Мы должны иметь возможность полноценно участвовать в политической жизни и принимать решения на основе всей полноты информации. Для этого необходимы разнообразные, неподцензурные и заслуживающие доверия медиа.
Evelyn Walls explores how Facebook may navigate Chinese free speech restrictions as it seeks to enter the market.
Monica Richter and Free Speech Debate colleagues examine RT’s coverage of the US protests in Ferguson and Baltimore – in four languages.
Maryhen Jiménez Morales explores how leftist political leaders in Latin America have limited free speech in their countries through populist discourse and political propaganda.
Declan Johnston explores whether regulatory requirements for Ireland’s broadcasters worked well in its referendum on same-sex marriage.
Peter Pomerantsev speaks to Declan Johnston about free speech in Russia and the role of Russian television.
Demotix founder Turi Munthe discusses the role of citizen journalism and Demotix in today’s media environment.
Rebecca Wong describes the combined pressures of Chinese political power and the interests of media proprietors.
Jason Q Ng traces the path of a censored Weibo post and tracks keywords that trigger automatic review.
Martin Moore, of the Media Standards Trust, summarises an analysis of British press coverage of proposed new press regulation.
Katie Engelhart attends the public hearing of Google’s Advisory Council, set up in response to a European Court of Justice judgement.
John Lloyd explores the history and weakness of Western media coverage, and suggests one way it could be improved.
Hartosh Bal explains the role of the new Freedom Trust in the context of India’s media environment, and how they hope to defend freedom of expression.
The world is blue. Compare how Facebook has strengthened its global predominance among social networks between 2017 and 2009, with just a few big hold-out countries.
In 2014, the citizens of Hong Kong staged an unofficial civil referendum in protest against the Beijing authorities’ attempts to undermine its independence. As Rebecca Wong reports, the majority of the votes were cast via a voting app on mobile phones.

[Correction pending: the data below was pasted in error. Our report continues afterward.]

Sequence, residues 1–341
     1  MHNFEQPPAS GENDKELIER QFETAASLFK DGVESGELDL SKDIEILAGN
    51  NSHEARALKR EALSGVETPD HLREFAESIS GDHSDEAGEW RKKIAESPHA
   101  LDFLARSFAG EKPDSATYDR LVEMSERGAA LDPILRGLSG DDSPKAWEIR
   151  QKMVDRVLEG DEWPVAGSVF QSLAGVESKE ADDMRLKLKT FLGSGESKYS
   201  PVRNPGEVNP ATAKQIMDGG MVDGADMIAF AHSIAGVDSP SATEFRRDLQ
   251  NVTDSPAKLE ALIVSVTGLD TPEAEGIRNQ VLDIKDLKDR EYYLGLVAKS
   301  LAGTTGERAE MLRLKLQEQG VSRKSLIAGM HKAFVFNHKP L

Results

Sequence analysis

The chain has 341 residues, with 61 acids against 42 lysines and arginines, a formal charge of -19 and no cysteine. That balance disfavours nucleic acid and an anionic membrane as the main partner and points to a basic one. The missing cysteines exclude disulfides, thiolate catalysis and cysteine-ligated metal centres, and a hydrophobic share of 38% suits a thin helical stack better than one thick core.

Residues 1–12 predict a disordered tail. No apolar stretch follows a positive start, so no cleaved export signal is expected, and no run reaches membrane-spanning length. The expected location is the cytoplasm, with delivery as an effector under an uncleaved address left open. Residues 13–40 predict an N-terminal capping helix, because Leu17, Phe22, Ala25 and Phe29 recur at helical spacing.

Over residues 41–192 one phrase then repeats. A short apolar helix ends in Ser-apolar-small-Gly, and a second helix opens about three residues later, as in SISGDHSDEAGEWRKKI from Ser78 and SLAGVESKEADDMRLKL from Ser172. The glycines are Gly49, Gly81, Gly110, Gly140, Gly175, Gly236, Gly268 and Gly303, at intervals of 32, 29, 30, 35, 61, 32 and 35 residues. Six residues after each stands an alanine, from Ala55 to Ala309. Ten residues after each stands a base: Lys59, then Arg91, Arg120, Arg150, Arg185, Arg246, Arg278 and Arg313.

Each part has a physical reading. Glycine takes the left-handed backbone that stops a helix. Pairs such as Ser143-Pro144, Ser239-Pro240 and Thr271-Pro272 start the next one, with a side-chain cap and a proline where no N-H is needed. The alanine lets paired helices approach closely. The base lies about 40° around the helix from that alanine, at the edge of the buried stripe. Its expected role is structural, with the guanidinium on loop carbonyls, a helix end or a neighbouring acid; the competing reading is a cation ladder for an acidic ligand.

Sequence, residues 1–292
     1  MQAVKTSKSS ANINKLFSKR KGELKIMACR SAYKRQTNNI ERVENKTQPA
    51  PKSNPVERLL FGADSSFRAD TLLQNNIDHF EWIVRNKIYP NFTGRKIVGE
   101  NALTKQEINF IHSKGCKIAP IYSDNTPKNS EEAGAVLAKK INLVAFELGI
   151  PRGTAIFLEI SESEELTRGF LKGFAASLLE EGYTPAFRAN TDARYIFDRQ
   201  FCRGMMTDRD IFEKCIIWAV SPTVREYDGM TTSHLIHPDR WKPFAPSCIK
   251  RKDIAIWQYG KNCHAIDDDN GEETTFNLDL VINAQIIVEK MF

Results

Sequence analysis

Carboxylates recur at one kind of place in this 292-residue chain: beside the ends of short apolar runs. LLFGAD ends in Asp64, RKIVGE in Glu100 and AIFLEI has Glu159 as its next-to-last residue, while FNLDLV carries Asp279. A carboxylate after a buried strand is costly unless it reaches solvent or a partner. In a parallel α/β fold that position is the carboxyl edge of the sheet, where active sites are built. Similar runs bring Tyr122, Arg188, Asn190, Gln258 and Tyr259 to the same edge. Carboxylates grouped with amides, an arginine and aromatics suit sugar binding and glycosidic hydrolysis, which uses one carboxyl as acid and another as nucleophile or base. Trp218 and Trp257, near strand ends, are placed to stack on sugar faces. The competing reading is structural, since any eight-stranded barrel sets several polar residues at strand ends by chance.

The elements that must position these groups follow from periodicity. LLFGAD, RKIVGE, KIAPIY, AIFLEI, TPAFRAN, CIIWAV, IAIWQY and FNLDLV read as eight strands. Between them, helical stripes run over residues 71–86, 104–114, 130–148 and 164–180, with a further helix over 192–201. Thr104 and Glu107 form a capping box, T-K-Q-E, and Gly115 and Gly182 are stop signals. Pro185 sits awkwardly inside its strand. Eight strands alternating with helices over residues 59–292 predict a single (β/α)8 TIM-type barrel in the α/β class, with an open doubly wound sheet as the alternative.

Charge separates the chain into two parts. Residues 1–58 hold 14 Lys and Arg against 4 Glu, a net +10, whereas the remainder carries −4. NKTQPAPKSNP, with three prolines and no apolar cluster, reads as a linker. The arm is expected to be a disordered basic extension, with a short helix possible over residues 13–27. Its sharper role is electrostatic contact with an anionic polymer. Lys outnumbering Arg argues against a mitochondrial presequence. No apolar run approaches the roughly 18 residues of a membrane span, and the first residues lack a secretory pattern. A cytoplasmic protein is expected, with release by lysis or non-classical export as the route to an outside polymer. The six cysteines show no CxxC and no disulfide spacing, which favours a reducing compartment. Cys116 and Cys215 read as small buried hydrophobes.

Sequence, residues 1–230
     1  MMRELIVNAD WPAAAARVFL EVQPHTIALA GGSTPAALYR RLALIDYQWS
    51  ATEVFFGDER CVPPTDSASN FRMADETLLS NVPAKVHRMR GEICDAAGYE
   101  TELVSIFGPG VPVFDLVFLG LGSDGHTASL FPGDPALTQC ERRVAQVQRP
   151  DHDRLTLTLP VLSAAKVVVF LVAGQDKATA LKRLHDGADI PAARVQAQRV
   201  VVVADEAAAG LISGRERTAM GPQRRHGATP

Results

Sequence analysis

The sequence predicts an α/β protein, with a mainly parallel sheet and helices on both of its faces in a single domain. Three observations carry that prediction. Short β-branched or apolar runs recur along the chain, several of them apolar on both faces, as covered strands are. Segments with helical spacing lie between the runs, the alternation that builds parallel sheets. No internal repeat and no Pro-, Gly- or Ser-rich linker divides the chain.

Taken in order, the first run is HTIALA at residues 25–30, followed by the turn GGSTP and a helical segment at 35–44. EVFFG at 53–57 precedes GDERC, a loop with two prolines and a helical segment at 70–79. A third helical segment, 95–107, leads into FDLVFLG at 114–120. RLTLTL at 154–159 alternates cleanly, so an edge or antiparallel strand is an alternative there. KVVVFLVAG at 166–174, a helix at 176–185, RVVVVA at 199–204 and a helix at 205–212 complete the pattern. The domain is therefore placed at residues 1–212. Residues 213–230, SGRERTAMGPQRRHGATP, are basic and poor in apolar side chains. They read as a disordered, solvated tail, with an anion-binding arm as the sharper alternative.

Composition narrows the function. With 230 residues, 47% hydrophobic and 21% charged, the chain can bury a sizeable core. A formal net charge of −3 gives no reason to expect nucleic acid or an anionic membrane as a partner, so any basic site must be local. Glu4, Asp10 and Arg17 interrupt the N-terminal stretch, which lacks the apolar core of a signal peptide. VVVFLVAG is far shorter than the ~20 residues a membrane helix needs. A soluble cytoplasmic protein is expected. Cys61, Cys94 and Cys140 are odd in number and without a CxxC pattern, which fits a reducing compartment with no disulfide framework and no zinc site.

John Donatich, Direktor der Yale University Press, erklärt und verteidigt seine Entscheidung, Jytte Klausens Buch ohne Illustrationen zu publizieren.
John Donatich, the director of Yale University Press, explains and defends his decision not to include illustrations in Jytte Klausen’s book.
Faisal Devji explores the deeper lessons from the forced withdrawal of an ‘alternative history’ of the Hindus.
Katherine Bruce-Lockhart looks at the media’s role in two Kenyan elections and argues that peace and critical media coverage should not be mutually exclusive.
Jonathan Heawood on ten reasons why independent self-regulation is good for free speech – and how his new initiative, IMPRESS, proposes to go about it.
Martin Moore, director of the Media Standards Trust, argues that the British press has denied the British public a proper debate on press regulation.
Katie Engelhart visits a shunga exhibition at the British Museum, and asks if the sexually explicit can be art. Along the way she explores issues of artistic intent and temporality.
Celebrating the 50th anniversary of the March on Washington must be the beginning of the discussion of race, not the end. Bassam Gergi discusses why the depoliticisation of race in the US is problematic and only open debate can lead to progress.
Famous Russian journalist Vladimir Pozner says he thinks Russia really has no concept of free speech. Oh, but there’s one place where you do have complete freedom of expression.
Edward Snowden was not the first NSA official to sound the alarm. Thomas Drake, winner of the Sam Adams Award for Integrity in Intelligence, makes his case to Free Speech Debate.
Kerem Oktem, in Istanbul, reflects on the pernicious influence of the government and business interests on Turkish broadcasters.